17. JUNE 22, 1941
For a whole week there was talk about the inevitability of a German-Soviet war. In newspapers news items appeared about the assembly of German forces on the eastern frontier and about the dispatch of Wehrmacht divisions to Finland. This, of course, could have been conjecture by the newspapers, so we took a cautious stance on the talk. But other facts soon began to convince us that relations between the Soviet Union and Nazi Germany were becoming sharper. Those facts were: the appointment of Joseph Stalin as "Chairman of the Council of People's Commissars of the USSR"; the statement by Georgi Zhukov, commander of the Kiev Special Military District, at a convention of the Communist Party (Bolshevik) of Ukraine that they should "keep their powder dry" and "to be prepared for whatever surprises on the western border"; the warning from the Soviet government to Bulgaria which had permitted the presence of German forces on its territory; the decree from Peoples' Commissar of the USSR for Foreign Trade Anastas Mikoyan on the banning of the transport of war material through the territory of the Soviet Union to warring countries; and the mysterious flight to England by the Fuehrer's representative Rudolph Hess.
Taking all these facts into account, everyone could see that something was "cooking". On the morning of Sunday, June 22, before sunrise, one guard soldier (one of our friends) informed our contact that "Hitlerite Germany has attacked the Soviet Union". By nine o'clock in the morning the whole camp knew about the war between Germany and the Soviet Union. The Nazis gloried in it. They stuck their noses in the air and began to look on us disrespectfully. We, of course, were hard hit by the news. The impact on us was oppressive. We did not comfort ourselves with illusions, though we were convinced that the Soviet Union would be victorious over Hitlerite Germany. But we were completely conscious that the war would bring great ruin to the Soviet Union, particularly to Ukrainian lands, to the national economy and to the Ukrainian people. We knew that war would interrupt the building of socialism in the Soviet Union for years and that our Ukrainian nation, like other Soviet nations, would suffer a great loss of people and property.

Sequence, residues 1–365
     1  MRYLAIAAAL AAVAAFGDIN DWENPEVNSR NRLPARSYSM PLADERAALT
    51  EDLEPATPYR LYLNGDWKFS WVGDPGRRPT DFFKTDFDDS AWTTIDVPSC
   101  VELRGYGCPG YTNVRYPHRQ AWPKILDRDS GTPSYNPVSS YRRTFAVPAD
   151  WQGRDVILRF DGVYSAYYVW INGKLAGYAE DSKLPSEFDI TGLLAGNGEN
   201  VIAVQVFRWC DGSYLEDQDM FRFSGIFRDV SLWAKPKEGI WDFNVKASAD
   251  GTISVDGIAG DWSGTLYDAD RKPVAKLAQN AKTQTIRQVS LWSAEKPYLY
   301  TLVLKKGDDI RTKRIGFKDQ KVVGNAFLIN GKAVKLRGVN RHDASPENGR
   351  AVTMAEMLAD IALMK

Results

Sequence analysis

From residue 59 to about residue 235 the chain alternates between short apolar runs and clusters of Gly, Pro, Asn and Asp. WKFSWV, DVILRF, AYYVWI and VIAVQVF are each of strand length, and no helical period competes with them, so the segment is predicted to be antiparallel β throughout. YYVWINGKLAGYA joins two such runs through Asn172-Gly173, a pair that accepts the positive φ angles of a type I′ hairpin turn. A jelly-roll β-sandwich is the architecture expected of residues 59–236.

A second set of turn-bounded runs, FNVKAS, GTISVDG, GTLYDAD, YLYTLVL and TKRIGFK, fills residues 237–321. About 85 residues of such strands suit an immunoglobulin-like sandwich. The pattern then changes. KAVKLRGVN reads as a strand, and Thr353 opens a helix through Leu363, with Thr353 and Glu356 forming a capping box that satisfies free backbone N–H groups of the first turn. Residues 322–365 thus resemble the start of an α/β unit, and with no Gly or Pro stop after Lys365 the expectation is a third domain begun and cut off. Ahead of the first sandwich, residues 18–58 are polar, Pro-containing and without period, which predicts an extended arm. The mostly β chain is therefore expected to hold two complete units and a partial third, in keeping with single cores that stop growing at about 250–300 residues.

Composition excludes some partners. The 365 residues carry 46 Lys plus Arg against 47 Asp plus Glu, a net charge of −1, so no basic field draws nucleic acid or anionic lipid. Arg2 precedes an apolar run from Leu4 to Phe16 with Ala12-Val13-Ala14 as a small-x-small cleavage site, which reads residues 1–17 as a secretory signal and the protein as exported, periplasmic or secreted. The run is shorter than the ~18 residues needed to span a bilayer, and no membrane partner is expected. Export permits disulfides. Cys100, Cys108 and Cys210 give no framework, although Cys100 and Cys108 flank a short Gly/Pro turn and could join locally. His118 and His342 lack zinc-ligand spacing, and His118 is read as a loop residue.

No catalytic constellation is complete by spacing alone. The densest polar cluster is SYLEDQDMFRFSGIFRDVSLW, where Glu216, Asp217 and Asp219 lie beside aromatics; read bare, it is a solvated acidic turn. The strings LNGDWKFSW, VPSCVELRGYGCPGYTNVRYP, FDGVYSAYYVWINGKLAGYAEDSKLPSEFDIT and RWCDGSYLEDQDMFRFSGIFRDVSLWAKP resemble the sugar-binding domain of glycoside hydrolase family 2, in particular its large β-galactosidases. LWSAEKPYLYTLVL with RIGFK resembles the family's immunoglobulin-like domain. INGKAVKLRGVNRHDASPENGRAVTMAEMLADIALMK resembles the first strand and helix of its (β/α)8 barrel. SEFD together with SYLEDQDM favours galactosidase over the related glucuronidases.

We were deeply disturbed by one point — what position would Great Britain take toward this war? Would it stand with the Soviet Union against Nazi Germany or would it come to an agreement with Hitler and together with him move against the USSR? We remembered well the mysterious flight of Rudolph Hess to England and also that in Great Britain there was a strong, influential group of fascists at the highest levels of the aristocracy which, in its hatred of Bolshevism, was prepared to take part in any disgusting venture.
But when, several hours later on the same day, John Dubno returned from the soldiers' mess where he worked and said that the prime minister of Great Britain, Winston Churchill, had given a speech over the radio in which he announced the support of the British government for the Soviet Union in its fight against Nazi Germany, we immediately gained new spirit. Our hearts filled with happiness and still greater faith in the victory over that evil band of Nazis. We all surrounded John Dubno and flooded him with questions: what exactly did Churchill say? did he hear the speech himself? had he gotten the gist of it correctly?
After some time the guard soldiers confirmed John Dubno's story when they met us. This, of course, greatly lightened the load which had suddenly fallen on us that day when we heard the first news of the Nazi attack on the Soviets.